H&M has been accused of burning tonnes of unsold items every year, flying in the face of its widely-publicised sustainability drive.
According to Danish TV programme Operation X, H&M has burned 60 tonnes of unsold clothing since 2013, totaling around 15 tonnes a year.
Journalists from the TV programme began investigating what the retailer did with clothing it didn’t sell, and were led to a Danish disposal company called Kara/Noveren where they reportedly saw over 1500kg of garments being delivered before being destroyed.
Else Skjold, a professor of sustainable design at the Kolding Design School in Denmark, told Operation X that the incineration was due to large-scale overproduction.
“It’s dramatic if we’re talking about fashion because the trends in fashion are temporary. If something is not in fashion, then it can’t be sold anymore,” he said.
H&M have denied the accusations, telling FashionUnited that they were “of course not true” and that the garments featured could not be sold to the public.
“The clothes featured in the program are stopped orders that have been sent to incineration because of mold or not complying with our strict chemical restrictions, which is according to our routines for stopped orders,” a spokesperson said.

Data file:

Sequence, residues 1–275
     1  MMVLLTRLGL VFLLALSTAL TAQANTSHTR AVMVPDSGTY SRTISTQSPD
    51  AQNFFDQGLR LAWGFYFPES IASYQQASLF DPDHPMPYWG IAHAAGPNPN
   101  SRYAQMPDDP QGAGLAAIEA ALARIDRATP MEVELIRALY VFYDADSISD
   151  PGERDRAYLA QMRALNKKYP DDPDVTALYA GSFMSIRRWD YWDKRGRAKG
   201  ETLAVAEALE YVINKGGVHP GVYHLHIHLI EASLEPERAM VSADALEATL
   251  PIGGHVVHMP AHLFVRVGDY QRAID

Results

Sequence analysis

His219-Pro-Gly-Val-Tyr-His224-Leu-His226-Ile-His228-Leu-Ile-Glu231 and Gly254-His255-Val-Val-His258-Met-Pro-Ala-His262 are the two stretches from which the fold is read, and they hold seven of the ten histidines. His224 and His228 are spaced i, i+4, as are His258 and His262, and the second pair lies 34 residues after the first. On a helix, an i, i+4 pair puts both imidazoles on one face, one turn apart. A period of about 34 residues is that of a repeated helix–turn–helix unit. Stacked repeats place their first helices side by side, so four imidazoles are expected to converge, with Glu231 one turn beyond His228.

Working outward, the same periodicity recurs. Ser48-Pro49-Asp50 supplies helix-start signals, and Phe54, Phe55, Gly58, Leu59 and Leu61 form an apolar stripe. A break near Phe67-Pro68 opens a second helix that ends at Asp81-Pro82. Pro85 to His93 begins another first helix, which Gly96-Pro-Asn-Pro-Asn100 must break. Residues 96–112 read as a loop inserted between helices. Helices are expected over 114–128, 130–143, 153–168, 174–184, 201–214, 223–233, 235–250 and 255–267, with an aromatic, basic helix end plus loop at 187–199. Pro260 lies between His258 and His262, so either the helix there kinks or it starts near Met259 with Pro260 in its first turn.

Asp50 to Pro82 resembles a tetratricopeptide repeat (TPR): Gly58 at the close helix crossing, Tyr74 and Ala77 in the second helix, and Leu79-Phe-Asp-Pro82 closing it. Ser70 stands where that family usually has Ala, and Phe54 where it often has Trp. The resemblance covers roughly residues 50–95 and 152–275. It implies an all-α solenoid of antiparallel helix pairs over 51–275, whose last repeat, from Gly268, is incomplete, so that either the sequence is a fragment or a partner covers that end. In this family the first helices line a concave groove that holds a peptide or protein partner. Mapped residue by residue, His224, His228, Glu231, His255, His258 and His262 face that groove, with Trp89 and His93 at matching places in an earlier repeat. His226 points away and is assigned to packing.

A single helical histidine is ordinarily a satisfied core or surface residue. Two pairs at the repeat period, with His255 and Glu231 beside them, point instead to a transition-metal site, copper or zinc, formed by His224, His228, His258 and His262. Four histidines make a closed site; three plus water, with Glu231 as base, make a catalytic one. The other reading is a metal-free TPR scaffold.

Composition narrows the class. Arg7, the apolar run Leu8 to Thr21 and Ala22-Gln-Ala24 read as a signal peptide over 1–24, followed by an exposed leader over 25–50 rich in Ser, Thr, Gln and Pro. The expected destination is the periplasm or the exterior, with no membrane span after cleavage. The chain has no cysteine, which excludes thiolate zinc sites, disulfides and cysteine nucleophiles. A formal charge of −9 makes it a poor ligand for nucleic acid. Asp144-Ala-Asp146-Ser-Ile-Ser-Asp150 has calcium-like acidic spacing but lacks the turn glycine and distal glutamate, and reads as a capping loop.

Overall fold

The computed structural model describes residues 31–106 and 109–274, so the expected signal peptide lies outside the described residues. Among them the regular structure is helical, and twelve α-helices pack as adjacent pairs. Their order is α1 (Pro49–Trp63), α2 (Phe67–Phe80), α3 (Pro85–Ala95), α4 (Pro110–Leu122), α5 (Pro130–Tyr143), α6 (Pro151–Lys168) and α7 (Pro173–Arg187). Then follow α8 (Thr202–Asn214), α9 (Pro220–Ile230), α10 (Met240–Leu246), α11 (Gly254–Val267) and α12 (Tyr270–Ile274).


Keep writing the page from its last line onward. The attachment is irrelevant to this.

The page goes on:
“Circularity is at the core of our sustainability strategy and we work hard to ensure that we maximize the use and the value of our products in line with the principles of the circular economy and waste hierarchy.
“Incineration is, therefore, the very last option that we only allow under very special circumstances when re-use or recycling is not an option, such as when our products are contaminated by mold or not complying with our strict chemical restrictions.”
Despite this, Operation X took two garments from the incineration plant and had them independently tested, stating that they found no harmful levels of bacteria and normal deposits of bacteria.
In response, H&M published their test findings on the garments.
“The products media refers to have been tested in external laboratories. The test results show that one of the products is mold infested and the other product contains too high levels of lead,” the retailer told FashionUnited.
“According to the test we have, the test for lead performed by the Danish programme didn’t include the whole garment and not the part affected by too high levels of lead. The other test performed by the Danish program didn’t include tests for mold. This is the reason why our tests differ.
“We are puzzled why some media is suggesting that we would destroy other products than those required. There is absolutely no reason for us to do such a thing.”